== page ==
Spanish banks likely to remain on ECB life-support "for years to come"
Bloomberg reports that Spanish banks borrowed a record €130bn from the European Central Bank in July, accounting for 29 percent of total borrowing from the ECB. Gary Jenkins of London-based Evolution Securities Ltd is quoted saying, "The amount needed is likely to remain elevated for years to come."
The Irish Times reports that yields remain high on Irish government bonds ahead of today's scheduled €1-€1.5 billion auction. The cost of insuring Irish government debt now surpasses that of Portugal, amid concerns over Ireland's "biggest-in-Europe" budget deficit and the very high costs of bailing out the banking sector. The Telegraph notes that inflation in the eurozone has risen to a 20-month high.
Meanwhile, an editorial in the WSJ reads, "Last week, Slovakia's new centre-right government voted to pull out of Team Greek Bailout. For this perfectly sensible decision, it is now being scolded by the Brussels bureaucracy for lacking appropriate respect for 'European solidarity.'"
German Commissioner fails to complete declaration of interests for third time
Euractiv reports that EU Energy Commissioner Günther Oettinger has already had to resubmit his declaration of interests three times, and it has still not been approved. Spiegel reports that German Management Consultant Andreas Frank has pressed charges in Stuttgart against Oettinger for lying in his affidavit, which would constitute a criminal offence. Oettinger is the only Commissioner who had to resubmit his declaration of interests.
The Mail reports that the Policy Exchange think tank has calculated that the cost to UK business and households of meeting various climate change policies, including the EU's emissions trading scheme, could be as high as £16.3bn in 2020.
In an article in FT Deutschland, Dennis Kessler, Chairman and CEO of global reinsurer SCOR Group, argues that "the current version of Solvency II [the EU's capital requirements directive] is the best way to push the insurance industry into a catastrophe."
Commission to propose EU crisis response force following Sarkzoy's proposal
Euractiv reports that the EU's Humanitarian Aid Commissioner Kristalina Georgieva will present a proposal to reinforce the EU's capacity to respond to crises, the European Commission said yesterday. The announcement follows calls for an "EU reaction force" from French President Nicolas Sarkozy, inspired by the floods in Pakistan.
ORF features an interview with Georgieva and the article notes that although Sarkozy didn't openly state that this force should have a military character, Georgieva understood it in this sense. Instead the EU Commissioner wants to use and bundle the existing means for disaster control. "Many countries have extremely effective civil protection mechanisms. My task is to make the whole larger than the sum of its parts," she said.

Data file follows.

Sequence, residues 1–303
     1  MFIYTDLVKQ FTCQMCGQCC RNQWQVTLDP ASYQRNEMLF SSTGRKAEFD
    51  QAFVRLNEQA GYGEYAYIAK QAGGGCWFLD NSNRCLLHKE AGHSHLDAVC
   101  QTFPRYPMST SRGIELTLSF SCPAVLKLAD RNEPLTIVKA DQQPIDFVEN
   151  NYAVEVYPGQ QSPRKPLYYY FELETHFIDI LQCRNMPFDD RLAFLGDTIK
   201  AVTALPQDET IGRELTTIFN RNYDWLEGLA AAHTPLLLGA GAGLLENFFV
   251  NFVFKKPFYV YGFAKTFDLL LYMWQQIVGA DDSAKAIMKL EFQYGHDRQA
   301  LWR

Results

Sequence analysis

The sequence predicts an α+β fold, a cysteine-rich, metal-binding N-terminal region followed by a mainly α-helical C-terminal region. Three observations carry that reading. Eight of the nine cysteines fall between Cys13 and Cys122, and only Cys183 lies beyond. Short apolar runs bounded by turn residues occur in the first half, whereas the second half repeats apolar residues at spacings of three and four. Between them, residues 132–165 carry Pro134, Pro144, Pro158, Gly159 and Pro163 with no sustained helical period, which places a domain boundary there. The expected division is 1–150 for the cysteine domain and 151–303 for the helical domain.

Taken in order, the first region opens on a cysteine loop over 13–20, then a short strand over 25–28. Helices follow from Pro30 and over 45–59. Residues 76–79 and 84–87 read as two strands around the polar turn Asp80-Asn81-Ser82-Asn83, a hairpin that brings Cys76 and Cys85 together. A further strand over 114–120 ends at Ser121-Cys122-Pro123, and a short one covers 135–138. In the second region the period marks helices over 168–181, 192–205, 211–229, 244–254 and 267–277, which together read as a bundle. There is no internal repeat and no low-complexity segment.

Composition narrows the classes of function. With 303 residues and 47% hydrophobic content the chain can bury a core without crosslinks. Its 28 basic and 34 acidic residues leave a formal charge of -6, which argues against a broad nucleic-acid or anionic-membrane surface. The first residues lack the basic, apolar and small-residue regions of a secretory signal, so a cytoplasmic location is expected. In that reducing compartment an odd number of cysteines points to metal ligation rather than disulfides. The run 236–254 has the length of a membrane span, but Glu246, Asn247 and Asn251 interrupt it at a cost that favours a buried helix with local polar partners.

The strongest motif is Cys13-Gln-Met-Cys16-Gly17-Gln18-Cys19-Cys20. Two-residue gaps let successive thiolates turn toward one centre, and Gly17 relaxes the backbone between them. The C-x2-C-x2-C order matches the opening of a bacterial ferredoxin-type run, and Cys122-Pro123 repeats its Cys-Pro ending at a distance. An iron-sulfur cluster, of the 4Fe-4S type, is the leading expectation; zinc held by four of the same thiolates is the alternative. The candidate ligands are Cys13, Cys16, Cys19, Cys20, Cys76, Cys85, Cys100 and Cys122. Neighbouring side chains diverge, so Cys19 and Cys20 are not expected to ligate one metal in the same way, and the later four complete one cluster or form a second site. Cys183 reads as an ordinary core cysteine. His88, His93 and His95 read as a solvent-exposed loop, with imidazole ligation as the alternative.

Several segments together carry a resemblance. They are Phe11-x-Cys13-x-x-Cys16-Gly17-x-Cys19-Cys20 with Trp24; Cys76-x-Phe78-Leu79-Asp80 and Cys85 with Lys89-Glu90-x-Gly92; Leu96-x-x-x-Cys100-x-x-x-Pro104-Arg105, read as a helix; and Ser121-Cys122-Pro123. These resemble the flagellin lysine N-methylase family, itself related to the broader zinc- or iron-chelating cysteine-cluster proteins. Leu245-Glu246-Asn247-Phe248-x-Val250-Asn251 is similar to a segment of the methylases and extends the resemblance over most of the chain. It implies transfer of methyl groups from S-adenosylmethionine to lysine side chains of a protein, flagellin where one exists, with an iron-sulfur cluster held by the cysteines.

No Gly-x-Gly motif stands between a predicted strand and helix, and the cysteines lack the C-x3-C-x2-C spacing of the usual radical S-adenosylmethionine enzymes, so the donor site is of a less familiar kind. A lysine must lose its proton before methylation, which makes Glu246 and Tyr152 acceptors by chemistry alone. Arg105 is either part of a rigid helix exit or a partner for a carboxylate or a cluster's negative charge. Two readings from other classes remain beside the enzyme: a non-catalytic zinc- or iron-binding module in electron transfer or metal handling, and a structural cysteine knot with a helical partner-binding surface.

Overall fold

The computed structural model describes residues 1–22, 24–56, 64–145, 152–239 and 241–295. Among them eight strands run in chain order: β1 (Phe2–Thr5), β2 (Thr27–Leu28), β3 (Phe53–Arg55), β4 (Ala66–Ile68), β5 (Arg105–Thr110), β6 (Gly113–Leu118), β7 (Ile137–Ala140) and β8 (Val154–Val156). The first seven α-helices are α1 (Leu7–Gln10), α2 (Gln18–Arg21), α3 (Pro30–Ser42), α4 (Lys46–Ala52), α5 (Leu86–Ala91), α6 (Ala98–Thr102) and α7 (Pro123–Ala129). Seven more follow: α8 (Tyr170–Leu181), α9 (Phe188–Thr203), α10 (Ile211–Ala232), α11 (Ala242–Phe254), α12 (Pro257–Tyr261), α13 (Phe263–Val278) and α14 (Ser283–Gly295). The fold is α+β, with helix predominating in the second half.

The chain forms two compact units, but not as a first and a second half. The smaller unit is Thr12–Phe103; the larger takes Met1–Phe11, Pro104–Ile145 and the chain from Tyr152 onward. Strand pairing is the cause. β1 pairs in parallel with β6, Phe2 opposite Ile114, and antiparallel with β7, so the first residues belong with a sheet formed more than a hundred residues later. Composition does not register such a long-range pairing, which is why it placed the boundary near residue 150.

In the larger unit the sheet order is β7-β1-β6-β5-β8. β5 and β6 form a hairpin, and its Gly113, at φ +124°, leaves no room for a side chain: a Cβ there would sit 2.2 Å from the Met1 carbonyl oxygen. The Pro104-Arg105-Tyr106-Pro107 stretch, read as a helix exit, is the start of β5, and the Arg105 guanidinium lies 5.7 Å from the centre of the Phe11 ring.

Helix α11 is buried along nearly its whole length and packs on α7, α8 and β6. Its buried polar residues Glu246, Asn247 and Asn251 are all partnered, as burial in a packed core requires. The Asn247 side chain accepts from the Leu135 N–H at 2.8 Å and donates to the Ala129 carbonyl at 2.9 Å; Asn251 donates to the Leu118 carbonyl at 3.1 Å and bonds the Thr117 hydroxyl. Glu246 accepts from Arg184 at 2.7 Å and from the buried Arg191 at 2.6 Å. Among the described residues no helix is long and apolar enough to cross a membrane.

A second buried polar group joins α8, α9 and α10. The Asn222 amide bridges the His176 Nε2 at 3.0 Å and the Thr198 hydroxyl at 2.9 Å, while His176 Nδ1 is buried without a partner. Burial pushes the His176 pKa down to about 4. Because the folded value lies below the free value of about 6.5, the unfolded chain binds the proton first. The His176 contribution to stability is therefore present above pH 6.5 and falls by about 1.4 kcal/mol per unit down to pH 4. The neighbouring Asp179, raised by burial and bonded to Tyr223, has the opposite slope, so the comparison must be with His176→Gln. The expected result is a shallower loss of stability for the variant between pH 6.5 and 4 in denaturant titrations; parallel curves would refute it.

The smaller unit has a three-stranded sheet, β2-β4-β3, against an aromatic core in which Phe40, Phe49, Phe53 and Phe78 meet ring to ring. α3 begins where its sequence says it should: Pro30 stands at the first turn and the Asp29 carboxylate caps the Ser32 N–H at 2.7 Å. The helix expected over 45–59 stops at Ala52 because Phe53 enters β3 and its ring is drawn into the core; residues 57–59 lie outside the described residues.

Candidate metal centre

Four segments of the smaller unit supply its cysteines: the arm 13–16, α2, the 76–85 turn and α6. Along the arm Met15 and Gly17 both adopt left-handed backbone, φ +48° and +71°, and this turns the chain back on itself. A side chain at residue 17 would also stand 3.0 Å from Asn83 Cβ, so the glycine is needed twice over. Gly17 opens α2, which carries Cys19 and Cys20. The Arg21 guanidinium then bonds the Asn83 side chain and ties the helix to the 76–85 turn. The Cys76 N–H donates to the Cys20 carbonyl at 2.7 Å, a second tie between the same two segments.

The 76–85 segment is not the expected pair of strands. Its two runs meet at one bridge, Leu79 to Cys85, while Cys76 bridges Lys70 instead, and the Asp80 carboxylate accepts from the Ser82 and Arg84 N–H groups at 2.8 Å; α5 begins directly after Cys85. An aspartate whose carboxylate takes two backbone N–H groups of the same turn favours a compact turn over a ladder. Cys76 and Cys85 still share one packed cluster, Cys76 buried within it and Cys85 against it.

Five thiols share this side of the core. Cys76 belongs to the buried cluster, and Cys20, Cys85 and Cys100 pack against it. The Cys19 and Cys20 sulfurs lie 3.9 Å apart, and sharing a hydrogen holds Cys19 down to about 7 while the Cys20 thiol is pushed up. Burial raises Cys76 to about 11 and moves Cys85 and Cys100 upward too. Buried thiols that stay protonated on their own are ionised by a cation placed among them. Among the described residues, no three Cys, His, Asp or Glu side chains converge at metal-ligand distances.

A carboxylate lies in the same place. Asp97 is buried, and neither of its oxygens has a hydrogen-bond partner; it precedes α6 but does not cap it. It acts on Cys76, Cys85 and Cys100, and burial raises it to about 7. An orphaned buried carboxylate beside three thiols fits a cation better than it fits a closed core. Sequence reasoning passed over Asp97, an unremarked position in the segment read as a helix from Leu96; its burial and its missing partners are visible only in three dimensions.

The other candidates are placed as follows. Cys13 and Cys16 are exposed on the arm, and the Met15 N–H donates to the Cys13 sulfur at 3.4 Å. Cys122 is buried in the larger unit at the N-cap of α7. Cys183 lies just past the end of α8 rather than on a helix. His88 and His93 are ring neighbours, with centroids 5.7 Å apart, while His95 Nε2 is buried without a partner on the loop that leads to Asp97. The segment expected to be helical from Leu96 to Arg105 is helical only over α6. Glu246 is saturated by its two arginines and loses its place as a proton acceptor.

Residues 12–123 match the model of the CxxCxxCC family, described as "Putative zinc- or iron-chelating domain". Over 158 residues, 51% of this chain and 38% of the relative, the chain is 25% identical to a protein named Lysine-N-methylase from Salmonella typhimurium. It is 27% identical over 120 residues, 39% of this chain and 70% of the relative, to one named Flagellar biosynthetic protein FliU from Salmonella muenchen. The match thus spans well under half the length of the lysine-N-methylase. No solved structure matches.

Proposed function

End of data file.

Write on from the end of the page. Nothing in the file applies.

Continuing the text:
Commission proposes stronger regulation of financial conglomerates
EUobserver reports that the European Commission has proposed tighter regulation of financial conglomerates, which usually have activities in more than one country and operate in both the insurance and banking businesses.
The WSJ looks at the negotiations between the member states and the European Commission on the size of the EU budget increase for 2011, noting that the biggest fights will be over the new External Action Service and the Commission's administration budget.
A report released yesterday by a group of IMF economists consulted by the European Commission criticised Germany's unilateral ban on naked short-selling, arguing that "there is little evidence" of the effectiveness of the decision. The document also pointed out that such a ban would prove largely unworkable even if it were coordinated at the EU-level.
In a comment piece for EUobserver, Kosovo's Prime Minister Hashim Thaci has urged reluctant EU member states to change their positions on Kosovo's independence, following the latest ruling of the International Court of Justice (ICJ). "Kosovo's declaration of independence is not a precedent, and attempts to argue that the Court concluded otherwise or that its ruling opens a Pandora's Box are wrong", he argued.
An op-ed by Jamie Smyth in the Irish Times reports on recent Irish Department of Justice statistics showing that the number of non-EU nationals applying for residency based on marriage to EU citizens has doubled since 2006.
On the Conservative Home website, Dalibor Rohac of the Legatum Institute think tank argues that the proposed EU-wide tax "is profoundly misguided" noting, "only slightly more than 10% of the total budget is used towards projects which are at least nominally aimed at improving competitiveness for growth and employment".
Handelsblatt writes that eight eastern European member states plus Sweden want the EU to soften its debt rules. In a letter to the Commission, the countries insist on being allowed to deduct government subsidies for pension schemes from public debt calculations.
An op-ed in the Mirror criticises the EU for fining UK organisations £150m for not displaying the EU flag on EU funded projects.
Lord Pearson of Rannoch stands down as UKIP party leader
The Guardian reports that Lord Pearson of Rannoch is standing down as leader of UKIP after one year in office. This morning, Nigel Farage MEP, the former leader of UKIP, did not rule out standing for party leadership again. Meanwhile, on Conservative Home, Tim Montgomerie argues that "the Coalition does present a right-of-centre party with real opportunities. Cameron has had to ditch positions on Europe, defence, immigration and crime as part of his arrangement with Nick Clegg. One Tory minister recently confided that UKIP could win 10% or more first preference votes under AV if Eurosceptic Tory voters knew that they could safely do this as a protest while putting the Conservatives as their second choice".
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